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firstname.lastname@example.org (John Cowan) writes:
>Jonathan Borden scripsit:
>> 4) One might distinguish between "legal father of" and "biological
>> father of". I've already provided for the fact that the "father of"
>> someone might be unknown. Indeed I've never met Simon's father, and
>> have no knowledge of *any* details about him save for the fact that
>> he fathered Simon.
>I spoke to him once, briefly, under the impression that he *was* Simon
>-- his name is also Simon St. Laurent.
My grandfather's name was also Simon St.Laurent. No Jr., Sr., whatever
- we all have different middle names, though none of us use them. I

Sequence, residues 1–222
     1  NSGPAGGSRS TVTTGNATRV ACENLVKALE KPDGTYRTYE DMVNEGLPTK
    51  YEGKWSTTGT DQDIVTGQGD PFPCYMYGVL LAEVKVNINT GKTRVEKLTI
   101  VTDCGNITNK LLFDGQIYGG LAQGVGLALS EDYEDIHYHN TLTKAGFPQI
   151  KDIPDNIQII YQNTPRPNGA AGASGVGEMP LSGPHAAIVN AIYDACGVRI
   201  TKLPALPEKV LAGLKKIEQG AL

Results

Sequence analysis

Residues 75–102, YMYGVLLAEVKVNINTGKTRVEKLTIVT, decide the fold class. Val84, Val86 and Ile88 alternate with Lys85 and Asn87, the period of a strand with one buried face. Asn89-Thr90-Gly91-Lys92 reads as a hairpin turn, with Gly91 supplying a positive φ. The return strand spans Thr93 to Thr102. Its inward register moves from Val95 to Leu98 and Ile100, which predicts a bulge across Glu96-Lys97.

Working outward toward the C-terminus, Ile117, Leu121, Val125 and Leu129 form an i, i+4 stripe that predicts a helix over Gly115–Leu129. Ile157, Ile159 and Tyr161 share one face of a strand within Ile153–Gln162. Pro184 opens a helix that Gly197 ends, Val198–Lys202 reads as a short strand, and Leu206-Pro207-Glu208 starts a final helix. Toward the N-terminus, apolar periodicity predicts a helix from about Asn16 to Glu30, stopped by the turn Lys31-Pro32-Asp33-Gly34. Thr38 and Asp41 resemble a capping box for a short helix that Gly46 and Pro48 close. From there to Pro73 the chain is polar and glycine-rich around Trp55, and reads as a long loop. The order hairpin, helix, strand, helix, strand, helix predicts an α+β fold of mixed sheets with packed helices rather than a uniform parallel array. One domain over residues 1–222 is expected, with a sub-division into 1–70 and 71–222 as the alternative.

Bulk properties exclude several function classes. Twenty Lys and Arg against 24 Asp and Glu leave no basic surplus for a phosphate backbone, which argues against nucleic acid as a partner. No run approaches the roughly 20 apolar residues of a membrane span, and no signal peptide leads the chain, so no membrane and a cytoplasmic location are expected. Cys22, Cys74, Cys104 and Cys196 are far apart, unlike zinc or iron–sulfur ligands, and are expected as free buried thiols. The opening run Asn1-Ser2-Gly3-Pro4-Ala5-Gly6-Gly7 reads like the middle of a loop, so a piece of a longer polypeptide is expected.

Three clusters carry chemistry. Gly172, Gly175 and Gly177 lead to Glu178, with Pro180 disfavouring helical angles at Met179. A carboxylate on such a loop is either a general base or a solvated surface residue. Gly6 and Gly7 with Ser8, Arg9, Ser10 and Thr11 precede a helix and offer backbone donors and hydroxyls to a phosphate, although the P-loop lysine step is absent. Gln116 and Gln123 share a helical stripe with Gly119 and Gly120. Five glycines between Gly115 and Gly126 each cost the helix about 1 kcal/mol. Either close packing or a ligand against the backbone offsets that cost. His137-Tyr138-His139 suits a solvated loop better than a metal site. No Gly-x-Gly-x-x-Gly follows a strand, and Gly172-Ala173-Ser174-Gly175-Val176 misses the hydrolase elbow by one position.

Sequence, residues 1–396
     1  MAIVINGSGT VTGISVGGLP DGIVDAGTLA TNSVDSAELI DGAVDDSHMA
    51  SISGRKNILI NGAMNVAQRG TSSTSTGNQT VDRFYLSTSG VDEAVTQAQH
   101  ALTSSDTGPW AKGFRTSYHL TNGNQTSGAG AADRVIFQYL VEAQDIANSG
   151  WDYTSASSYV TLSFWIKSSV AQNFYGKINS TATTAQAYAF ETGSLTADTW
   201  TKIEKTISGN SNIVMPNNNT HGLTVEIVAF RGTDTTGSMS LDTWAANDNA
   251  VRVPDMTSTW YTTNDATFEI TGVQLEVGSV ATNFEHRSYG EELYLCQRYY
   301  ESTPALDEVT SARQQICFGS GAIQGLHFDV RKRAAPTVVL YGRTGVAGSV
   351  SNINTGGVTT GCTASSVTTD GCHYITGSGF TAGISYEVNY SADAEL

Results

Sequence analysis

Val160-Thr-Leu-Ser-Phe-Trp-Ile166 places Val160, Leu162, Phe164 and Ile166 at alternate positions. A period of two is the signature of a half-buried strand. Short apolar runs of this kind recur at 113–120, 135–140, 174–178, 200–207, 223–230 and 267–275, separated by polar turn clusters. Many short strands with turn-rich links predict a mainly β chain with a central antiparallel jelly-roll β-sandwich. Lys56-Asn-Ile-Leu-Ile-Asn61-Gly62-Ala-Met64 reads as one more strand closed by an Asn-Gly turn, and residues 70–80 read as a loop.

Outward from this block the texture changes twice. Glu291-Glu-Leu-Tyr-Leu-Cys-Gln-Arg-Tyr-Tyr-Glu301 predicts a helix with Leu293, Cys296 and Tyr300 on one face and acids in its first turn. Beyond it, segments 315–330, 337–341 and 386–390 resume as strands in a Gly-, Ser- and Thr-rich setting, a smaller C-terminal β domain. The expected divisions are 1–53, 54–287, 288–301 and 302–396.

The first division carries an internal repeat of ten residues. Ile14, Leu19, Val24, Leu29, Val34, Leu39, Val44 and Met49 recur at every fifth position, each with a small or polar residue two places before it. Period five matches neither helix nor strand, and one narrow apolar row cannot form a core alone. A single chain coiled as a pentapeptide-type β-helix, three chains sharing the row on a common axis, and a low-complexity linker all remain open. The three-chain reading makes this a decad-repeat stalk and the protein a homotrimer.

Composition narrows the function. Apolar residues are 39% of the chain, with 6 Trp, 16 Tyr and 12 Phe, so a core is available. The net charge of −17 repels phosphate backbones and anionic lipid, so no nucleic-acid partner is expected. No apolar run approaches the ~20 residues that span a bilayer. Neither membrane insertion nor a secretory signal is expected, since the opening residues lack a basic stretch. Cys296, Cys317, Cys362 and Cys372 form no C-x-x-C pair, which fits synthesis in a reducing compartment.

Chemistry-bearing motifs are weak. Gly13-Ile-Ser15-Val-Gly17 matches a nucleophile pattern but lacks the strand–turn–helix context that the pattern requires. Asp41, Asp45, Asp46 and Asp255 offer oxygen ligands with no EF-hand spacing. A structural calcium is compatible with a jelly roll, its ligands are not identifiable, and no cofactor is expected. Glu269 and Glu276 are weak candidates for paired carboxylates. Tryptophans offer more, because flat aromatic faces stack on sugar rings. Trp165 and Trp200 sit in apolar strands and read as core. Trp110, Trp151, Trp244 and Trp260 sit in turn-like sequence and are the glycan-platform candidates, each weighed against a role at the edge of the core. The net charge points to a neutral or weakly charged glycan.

believe that "have a middle name but ignore it" tradition began with my
grandfather, who hated his middle name of Narcisse.
My father and I both use SSL for initials as well. We live in the same
area code, and occasionally get calls for "the [other] Simon St.Laurent
who lives in upstate New York". I sometimes get email from people
looking for my father - I suspect that's because of Google.
(There's also at least one Simon St-Laurent from Quebec who turns up a
lot in Google newgroups, with very different interests from my own. I'm
sure he's someone's son as well.)
(I do use the hyphenated form of my last name when dealing with computer
systems that can't take periods in names. North Carolina's driver
license registry was like that, as is Salon's subscriber payment
(Parens could go on. One reason I like conferences in Montreal is that
hotel staff know where to find my name in a sorted list.)
I kind of like being difficult to identify precisely, though it does
make for occasional complications.